“People left behind in an evacuation will be struggling to survive. Some will be housed at the Superdome, the designated shelter in New Orleans for people too sick or infirm to leave the city. Others will end up in last-minute emergency refuges that will offer minimal safety. But many will simply be on their own…. Thousands will drown while trapped in homes or cars by rising waters. Others will be washed away or crushed by debris. Survivors will end up trapped on roofs, in buildings or on high ground surrounded by water, with no means of escape and little food or fresh water, perhaps for several days.”
August 22nd, 2005 — politics
Truck in the East Village, Spring, 2005:
Back of the same truck:
August 21st, 2005 — politics
… is that you can’t ask the “suspect” questions; he’s dead.
So, according to Britain’s ITV news, Jean Charles De Menezes did not run away from police, or vault the ticket barrier at the tube station, and was not wearing a padded jacket. He walked slowly into the station, wearing a jean jacket, and picked up a free paper.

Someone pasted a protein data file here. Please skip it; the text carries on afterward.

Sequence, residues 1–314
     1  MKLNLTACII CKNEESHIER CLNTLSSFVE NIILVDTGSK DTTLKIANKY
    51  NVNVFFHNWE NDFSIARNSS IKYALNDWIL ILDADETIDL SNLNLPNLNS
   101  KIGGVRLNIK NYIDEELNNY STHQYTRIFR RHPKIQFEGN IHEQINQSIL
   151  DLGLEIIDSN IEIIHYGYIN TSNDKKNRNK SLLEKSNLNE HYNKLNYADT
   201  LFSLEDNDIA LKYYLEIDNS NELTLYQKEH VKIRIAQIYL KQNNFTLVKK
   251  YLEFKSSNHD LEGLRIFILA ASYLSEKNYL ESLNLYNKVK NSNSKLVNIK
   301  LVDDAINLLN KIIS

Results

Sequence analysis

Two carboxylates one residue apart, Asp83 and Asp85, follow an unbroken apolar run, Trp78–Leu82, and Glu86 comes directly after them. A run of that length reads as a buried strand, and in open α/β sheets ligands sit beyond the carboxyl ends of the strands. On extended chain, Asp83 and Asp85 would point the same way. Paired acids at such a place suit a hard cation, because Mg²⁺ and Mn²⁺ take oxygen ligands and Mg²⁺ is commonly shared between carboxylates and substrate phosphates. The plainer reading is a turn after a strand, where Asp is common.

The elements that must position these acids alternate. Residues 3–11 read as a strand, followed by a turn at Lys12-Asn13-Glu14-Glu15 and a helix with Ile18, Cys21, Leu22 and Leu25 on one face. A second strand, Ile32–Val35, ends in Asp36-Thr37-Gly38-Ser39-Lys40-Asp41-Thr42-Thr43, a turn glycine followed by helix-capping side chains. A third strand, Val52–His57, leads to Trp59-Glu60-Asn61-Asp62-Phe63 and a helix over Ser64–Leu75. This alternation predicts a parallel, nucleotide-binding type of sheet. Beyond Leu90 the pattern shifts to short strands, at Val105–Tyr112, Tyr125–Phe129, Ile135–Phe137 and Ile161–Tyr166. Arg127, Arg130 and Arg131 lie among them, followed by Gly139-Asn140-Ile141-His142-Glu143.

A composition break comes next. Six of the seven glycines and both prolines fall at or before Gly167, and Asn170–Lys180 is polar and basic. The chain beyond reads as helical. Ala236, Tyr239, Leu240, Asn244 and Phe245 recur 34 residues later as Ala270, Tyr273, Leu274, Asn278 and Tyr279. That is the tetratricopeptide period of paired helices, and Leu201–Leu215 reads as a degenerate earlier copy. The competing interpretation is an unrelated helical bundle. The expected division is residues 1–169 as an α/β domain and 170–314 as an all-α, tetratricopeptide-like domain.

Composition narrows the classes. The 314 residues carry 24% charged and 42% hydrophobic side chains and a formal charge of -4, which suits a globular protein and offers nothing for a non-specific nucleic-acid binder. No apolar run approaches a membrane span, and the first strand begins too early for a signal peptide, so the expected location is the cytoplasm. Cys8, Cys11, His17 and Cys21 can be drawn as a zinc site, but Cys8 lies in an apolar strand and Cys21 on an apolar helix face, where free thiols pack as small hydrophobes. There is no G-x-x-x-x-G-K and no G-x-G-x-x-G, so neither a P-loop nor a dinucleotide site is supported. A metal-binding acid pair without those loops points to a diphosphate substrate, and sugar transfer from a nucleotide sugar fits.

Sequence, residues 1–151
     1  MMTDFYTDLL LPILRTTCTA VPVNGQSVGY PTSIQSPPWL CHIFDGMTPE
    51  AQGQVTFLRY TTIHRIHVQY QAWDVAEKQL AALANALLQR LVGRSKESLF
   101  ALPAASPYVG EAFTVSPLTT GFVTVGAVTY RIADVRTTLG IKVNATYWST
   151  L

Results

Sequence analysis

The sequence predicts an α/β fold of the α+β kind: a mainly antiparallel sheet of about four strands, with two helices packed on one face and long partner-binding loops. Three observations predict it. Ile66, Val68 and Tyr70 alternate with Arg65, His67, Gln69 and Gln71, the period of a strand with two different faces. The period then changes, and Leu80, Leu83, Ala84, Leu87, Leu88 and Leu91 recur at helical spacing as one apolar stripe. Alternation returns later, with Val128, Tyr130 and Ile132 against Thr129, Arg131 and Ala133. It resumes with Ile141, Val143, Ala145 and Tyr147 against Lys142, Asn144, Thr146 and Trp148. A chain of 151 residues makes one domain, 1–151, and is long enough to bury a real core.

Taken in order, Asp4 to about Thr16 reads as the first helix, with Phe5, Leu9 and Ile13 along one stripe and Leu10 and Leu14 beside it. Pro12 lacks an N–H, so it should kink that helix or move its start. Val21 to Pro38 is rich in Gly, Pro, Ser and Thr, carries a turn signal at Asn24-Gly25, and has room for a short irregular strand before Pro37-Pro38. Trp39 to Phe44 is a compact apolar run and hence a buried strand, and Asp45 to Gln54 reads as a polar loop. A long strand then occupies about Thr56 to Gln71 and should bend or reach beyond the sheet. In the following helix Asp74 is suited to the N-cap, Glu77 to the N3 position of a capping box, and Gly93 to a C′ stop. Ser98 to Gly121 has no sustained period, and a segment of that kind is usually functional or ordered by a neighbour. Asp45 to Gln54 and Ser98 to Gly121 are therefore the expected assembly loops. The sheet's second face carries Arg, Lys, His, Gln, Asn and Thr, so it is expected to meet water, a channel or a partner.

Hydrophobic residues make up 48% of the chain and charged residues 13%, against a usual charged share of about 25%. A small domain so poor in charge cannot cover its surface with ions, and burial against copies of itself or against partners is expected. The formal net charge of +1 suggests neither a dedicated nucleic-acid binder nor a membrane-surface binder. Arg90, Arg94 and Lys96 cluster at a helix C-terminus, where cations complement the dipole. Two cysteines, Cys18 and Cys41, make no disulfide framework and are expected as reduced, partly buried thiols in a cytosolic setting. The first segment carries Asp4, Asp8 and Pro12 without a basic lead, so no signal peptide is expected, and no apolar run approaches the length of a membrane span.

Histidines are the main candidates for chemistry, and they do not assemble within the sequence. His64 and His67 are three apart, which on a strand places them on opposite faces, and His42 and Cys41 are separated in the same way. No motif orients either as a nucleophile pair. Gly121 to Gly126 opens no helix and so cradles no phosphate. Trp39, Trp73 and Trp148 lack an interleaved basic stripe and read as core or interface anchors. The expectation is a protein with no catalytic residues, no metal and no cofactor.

The police were lying?!?
After my requisite subway ride in, I went walking tonight in Manhattan at 6pm, the other end of rush hour, and noticed lots of suspicious activity:
A man sitting on the benches in a subway station, but not on a subway platform (therfore not waiting for a train). Any sensible person would wait outside; the heat index outside was around 110 degrees with breezes; inside the subway platform it was hotter, more humid, and stagnant air. I thought about calling the police but decided that he was more likely a madman than an explosive one. And madmen are a dime a dozen.
Me walking an unnecessary extra mile before going to my destination, in the name of some minimal kind of exercise, despite the heat. Very suspicious.
But some sightings that might seem odd were not-so-suspicious: